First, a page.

Playwave Creative

FEATURE: Valuing Adventurous Work

Valuing Adventurous Work
Feature by Brianna McCarthy

When I tell people that I’m a theatre maker, a lot of the responses I get reference popular musicals, ask if I have seen the current spectacular playing at the Capitol Theatre or if I can hardly wait for the latest appropriation of Shakespeare in film. Tickets to classics in drama and musicals sell like hotcakes and when I look to see what’s on at the movies I see titles of films that I could swear have been made before. What I see are shows that allow an audience to already know what to expect. The characters already exist and are well liked, so the box office is approached without caution. Seeing cannons of existing stories grow excites us, myself included.

As September rolls around and the Sydney Fringe Fest takes off, it’s a very exciting time for a lot of emerging artists. The festival allows artists to try out a new idea or build something from the very ground. I’ve seen a lot of first developments and brand new shows of experimental and innovative types this year and should be honest enough to say that sometimes they can be a little crunchy. The superficial things might underwhelm us (often because of budget restraints) and the content isn’t quite perfect yet. At times these shows need two or three tries to get it right. New experimental works can be hard to build up from the ground and what’s often emerging from it is a gem of an idea, that’s taking it’s time to unfurl and show itself to us.  Even when the product isn’t immaculately executed, it’s precious when the hard work and rigour is palpable in the show. New works are ultimately valuable, but when it comes to filling seats we find a lot of people are instead next door watching Mamma Mia.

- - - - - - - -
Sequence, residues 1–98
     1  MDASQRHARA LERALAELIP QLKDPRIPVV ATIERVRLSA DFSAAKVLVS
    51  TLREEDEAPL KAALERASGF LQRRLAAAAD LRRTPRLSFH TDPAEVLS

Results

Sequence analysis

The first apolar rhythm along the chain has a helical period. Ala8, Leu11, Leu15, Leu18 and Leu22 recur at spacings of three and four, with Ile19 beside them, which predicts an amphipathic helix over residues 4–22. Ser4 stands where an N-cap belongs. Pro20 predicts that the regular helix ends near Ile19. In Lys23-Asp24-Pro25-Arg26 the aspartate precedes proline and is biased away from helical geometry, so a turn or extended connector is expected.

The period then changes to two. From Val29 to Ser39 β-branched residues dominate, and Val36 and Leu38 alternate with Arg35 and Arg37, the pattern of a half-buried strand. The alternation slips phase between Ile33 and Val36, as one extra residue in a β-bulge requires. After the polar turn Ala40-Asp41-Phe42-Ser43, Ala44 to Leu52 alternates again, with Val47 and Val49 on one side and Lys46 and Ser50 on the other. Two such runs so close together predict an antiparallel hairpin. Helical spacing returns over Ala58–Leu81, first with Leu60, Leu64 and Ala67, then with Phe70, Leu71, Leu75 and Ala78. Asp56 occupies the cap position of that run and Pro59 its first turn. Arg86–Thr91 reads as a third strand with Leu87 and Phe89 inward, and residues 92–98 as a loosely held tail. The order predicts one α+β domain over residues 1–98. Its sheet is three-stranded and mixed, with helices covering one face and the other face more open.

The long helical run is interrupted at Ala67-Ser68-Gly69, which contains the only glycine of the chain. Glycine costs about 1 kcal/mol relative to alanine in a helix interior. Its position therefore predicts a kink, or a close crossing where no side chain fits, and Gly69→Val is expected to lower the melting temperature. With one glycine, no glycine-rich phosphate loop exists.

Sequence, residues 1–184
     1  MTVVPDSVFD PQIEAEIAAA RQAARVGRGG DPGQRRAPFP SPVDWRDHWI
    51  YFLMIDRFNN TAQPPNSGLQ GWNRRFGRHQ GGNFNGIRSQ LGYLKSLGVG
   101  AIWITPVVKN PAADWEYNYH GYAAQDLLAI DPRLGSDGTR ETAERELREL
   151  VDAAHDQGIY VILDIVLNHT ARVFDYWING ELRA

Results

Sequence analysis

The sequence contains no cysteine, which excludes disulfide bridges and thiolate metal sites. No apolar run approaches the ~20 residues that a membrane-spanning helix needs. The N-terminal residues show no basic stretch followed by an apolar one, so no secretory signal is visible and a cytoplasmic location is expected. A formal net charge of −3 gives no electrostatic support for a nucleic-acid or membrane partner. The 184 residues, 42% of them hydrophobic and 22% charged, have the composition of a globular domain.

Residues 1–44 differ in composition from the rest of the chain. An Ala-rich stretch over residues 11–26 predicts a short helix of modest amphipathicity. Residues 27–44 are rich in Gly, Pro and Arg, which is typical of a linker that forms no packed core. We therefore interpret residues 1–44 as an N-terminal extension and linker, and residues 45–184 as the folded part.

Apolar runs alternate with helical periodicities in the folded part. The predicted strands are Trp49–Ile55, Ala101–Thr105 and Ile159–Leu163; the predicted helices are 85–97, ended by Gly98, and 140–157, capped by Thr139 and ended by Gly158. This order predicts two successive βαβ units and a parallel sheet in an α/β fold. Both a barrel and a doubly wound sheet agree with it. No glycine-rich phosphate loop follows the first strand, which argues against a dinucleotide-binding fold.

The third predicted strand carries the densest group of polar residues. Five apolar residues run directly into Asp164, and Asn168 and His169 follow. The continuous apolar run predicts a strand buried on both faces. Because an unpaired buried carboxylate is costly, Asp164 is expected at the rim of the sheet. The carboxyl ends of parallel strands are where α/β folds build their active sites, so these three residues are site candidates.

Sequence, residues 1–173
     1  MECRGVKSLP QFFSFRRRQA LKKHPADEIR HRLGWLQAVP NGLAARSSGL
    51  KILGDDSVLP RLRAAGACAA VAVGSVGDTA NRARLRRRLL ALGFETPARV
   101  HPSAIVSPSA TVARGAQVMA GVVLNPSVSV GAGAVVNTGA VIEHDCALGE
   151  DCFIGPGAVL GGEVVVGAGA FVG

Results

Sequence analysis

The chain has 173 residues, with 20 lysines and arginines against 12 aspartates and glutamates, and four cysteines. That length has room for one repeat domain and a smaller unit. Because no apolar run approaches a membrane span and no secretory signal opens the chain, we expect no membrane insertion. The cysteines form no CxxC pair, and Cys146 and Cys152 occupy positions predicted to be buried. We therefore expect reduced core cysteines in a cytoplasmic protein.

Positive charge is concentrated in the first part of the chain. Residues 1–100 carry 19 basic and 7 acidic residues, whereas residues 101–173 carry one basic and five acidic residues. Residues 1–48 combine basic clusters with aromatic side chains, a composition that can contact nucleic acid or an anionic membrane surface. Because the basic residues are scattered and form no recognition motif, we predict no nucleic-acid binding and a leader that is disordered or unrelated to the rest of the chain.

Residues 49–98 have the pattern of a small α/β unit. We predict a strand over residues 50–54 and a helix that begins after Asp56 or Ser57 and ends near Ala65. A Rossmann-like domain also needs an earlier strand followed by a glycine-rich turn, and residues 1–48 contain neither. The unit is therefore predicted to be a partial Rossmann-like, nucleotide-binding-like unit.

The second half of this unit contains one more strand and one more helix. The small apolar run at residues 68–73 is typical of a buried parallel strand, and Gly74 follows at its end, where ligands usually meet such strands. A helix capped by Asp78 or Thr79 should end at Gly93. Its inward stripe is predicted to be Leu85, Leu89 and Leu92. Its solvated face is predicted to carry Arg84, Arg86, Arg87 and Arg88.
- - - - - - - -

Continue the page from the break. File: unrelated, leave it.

In Sydney especially, adventurous new works can so easily go undiscovered. Audiences already know what they like and will go to the theatre to see what is a sure fire bet of satisfaction, where the stories are already well received, the characters are already liked and understood. The ground underneath the shows metaphorical feet is already strong. Of course I do this too. I will keep buying and reading and watching Harry Potter until the cannon is dense enough that I am really living at Hogwarts. But what’s being lost as I explore the familiar places is community, democracy and change. Theatre has always been a way to communicate with people in an exact place, to share physical space with a piece of work and to communicate something in real time. New works, especially local new works, are offering an opportunity to strengthen our ties with people who are here with us, emerging like us and actually alive in this place, responding to it right now. On a good day, the work can express to you a whole new idea, a way of seeing that we’ve never heard of and strengthen even our conceptions of life. New work, in any field, is what keeps us growing.

In thinking about this, I had a word with Q Theatre’s Director of New Work, Nick Atkins:

“I’m thinking about diving and belly flops. When a diver takes on a high degree of difficulty and fails to stick the landing we’re disappointed. But there’s also a satisfaction in knowing what the attempt was. We present and produce a lot of different work through Q Theatre and The Joan. The hardest to build an audience for tends to be work that is unknown, new, challenging or innovative in its form. To counter this, we’ve been exploring ways to build an appetite for the attempt and risk involved in these works. This might take the form of ticketing prices, language around work and the venue for a start. We want audiences to be part of the dive and be prepared to endure a belly flop because the prospect of a smooth landing is worth holding out for.”

This September, Playwave has a huge selection of new works showing in the Fringe Festival and I’d like to challenge readers to take themselves to something that’s a little odd or different to their usual. Maybe it will be a flop. Is that a problem?  

Want more?